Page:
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Winthrop House Deans Address Flyers Some Students Consider ‘Racially Offensive’ in Email

Winthrop House Faculty Dean and Law School Professor Ronald S. Sullivan, Jr. speaks at a diploma ceremony in 2010.
Winthrop House Faculty Dean and Law School Professor Ronald S. Sullivan, Jr. speaks at a diploma ceremony in 2010. By Karen G. Heredia
By Shera S. Avi-Yonah and Aidan F. Ryan, Crimson Staff Writers

Winthrop House Faculty Deans Ronald S. Sullivan, Jr. and Stephanie R. Robinson addressed student concerns about “racially offensive” flyers calling for Sullivan’s removal from his post as a faculty dean in a Sunday email to Winthrop affiliates.

A group of students distributed the flyers, which included an illustration of Sullivan and encouraged Winthrop residents to send feedback via an anonymous link, on Feb. 25. Danu A.K. Mudannayake ’20 — who illustrated the flyers — denied that they depicted Sullivan as a caricature or in a racist manner. She said they were intended to call attention to Sullivan’s decision to publicly defend two men accused of sexual misconduct — Hollywood producer Harvey Weinstein and Harvard Economics Professor Roland G. Fryer, Jr.

Sullivan — who is also a Harvard Law School professor — has faced student scrutiny since the New York Post first reported on Jan. 23 that he would join Weinstein’s legal team in the film producer’s Manhattan sexual abuse case.

Following the Post story, Sullivan wrote an email to Winthrop residents on Jan. 25 defending his decision to represent Weinstein and writing that defense attorneys have the duty to represent the “unpopular defendant.”

Two days later, Sullivan criticized the University’s handling of three investigations into allegations that Fryer sexually harassed women who worked at his research lab in a RealClearInvestigations article. Sullivan, who is identified as Fryer’s lawyer in the story, called the Harvard probes “deeply flawed and deeply unfair.”

Students have since called on Sullivan to resign as faculty dean in protests, op-eds, and open letters. Most recently, Mudannayake and some members of the anti-sexual assault advocacy organization Our Harvard Can Do Better distributed the flyers in Winthrop last week inviting students to “make your voice heard.” In a separate incident that same day, a vandal spray-painted slogans calling for Sullivan’s removal on the exterior of Winthrop.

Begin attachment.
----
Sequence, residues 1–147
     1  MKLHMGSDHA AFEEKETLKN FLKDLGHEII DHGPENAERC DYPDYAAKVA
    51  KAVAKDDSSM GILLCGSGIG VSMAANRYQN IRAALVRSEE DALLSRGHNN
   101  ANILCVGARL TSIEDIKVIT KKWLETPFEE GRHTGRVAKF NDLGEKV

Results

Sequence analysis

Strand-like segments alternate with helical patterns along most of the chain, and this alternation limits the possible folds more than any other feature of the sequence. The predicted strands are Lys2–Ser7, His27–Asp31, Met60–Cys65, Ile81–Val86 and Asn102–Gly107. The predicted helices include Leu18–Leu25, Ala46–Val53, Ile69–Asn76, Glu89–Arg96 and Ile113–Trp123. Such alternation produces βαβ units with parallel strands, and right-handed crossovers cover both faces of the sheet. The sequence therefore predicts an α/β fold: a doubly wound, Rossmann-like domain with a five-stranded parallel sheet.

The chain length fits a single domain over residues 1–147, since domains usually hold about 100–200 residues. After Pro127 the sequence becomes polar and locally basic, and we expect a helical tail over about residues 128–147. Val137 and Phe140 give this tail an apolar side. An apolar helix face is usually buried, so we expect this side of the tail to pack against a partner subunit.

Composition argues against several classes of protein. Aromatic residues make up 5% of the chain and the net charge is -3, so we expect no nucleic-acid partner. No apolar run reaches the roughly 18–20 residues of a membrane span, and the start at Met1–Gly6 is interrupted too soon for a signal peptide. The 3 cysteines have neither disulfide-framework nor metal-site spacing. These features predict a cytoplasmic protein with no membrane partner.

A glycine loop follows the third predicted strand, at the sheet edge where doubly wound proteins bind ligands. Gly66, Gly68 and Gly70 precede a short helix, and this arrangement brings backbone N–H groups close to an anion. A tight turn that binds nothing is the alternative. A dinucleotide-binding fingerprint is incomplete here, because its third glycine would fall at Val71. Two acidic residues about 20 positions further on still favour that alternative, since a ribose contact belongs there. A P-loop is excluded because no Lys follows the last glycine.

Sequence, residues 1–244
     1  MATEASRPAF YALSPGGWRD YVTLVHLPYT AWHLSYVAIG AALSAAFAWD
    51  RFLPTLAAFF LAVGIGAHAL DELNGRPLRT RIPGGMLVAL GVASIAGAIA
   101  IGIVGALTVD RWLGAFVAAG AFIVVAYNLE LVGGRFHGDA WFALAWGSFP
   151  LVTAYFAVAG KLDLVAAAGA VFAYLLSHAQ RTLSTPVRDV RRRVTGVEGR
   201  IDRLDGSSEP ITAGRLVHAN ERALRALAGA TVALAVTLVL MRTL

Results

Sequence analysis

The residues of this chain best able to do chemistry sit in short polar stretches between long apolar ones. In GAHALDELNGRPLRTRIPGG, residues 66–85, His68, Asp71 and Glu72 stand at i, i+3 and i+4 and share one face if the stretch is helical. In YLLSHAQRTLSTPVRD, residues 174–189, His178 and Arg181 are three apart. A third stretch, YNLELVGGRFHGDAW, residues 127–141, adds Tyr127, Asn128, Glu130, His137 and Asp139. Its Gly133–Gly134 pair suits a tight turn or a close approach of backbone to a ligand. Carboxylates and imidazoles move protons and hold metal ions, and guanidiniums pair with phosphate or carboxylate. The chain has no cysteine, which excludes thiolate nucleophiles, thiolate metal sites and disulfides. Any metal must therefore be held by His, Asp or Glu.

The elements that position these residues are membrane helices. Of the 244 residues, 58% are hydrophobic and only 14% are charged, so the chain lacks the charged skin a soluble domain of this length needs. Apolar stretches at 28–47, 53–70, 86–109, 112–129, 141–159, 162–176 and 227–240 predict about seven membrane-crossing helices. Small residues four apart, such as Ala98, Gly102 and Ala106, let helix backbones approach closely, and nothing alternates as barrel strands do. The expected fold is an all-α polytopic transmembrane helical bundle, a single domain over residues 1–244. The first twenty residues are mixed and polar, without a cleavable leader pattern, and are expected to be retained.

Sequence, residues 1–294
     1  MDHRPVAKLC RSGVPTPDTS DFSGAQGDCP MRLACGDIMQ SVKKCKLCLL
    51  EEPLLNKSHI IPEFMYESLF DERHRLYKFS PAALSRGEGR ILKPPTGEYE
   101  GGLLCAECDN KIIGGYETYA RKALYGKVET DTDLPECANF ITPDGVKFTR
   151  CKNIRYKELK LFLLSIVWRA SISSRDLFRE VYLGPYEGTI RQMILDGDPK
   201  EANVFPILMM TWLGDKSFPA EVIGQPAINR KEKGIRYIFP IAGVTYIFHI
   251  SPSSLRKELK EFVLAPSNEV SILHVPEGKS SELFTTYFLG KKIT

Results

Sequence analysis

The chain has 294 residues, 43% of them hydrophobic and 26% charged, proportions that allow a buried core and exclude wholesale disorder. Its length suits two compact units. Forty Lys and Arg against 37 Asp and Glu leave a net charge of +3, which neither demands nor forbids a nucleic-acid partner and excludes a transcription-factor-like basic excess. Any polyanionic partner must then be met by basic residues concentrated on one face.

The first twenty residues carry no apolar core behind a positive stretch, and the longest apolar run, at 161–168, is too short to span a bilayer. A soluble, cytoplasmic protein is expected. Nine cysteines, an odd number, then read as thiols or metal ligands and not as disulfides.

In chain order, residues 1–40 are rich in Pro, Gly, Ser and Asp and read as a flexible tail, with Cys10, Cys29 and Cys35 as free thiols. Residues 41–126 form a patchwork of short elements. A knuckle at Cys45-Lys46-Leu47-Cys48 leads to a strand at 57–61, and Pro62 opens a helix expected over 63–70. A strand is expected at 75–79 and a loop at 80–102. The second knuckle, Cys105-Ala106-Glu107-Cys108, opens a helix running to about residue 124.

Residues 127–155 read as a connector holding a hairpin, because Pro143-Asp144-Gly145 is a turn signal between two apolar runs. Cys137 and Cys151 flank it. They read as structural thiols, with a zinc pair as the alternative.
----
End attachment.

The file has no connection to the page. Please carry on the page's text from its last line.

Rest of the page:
Responding to student concerns, Dean of the College Rakesh Khurana announced Feb. 25 that former Dean of Freshmen Thomas A. Dingman ’67 will lead a “climate review” to collect student feedback about Sullivan’s decision to represent Weinstein.

Sullivan and Robinson wrote that, since house staff discovered the flyers last Monday, students have questioned whether they depict Sullivan in a racially offensive manner. They added that some students said they were particularly concerned that the flyers circulated during Black History Month.

“It should go without saying any racially offensive content undermines our collective commitment to respect and the value we place in everyone in our community, regardless of their race,” they wrote. “From our vantage point, the best way to challenge speech any of you deem unpleasant is to reaffirm our core values, remind ourselves that we are a university with a robust norm of freedom of expression, and speak back to any offending speech.”

Mudannayake, a Crimson Design editor, said that she is disappointed with the Faculty Deans' response and that their email did not address students’ concerns about the wellbeing of house residents who have experienced sexual harassment.

“Honestly, my first response is one of utter disappointment,” Mudannayake said. “I really do think Dean Sullivan and his wife Stephanie have used this as an opportunity to diverge the spotlight off of the survivors in Winthrop House and are failing again to try and relieve the situation for those students and instead have gone on with this allegation that myself and others have a racially-charged motive with wanting him to be removed.”

Asked about Mudannayake’s criticism, Sullivan and Robinson referred back to their email to Winthrop residents and wrote that they did not express an opinion on the flyers.

“[T]he email acknowledges and addresses concerns expressed by some of our students. The Faculty Deans, in contrast, did not express an opinion. We addressed student concerns brought to our attention,” they wrote in an email to The Crimson.

Sullivan and Robinson also wrote in their original Sunday email to Winthrop residents that the Harvard University Police Department continues to investigate the graffiti, which they called “antithetical” to the House’s spirit.

“As always, our doors will remain open for anyone with concerns about House life; however, criminal acts designed to intimidate are antithetical to Winthrop’s spirit and the communal norms that have served us well over the years that we have served in this capacity,” they wrote.

—Staff writer Shera S. Avi-Yonah can be reached at Follow her on Twitter at @saviyonah.

—Staff writer Aidan F. Ryan can be reached at Follow him on Twitter @AidanRyanNH.

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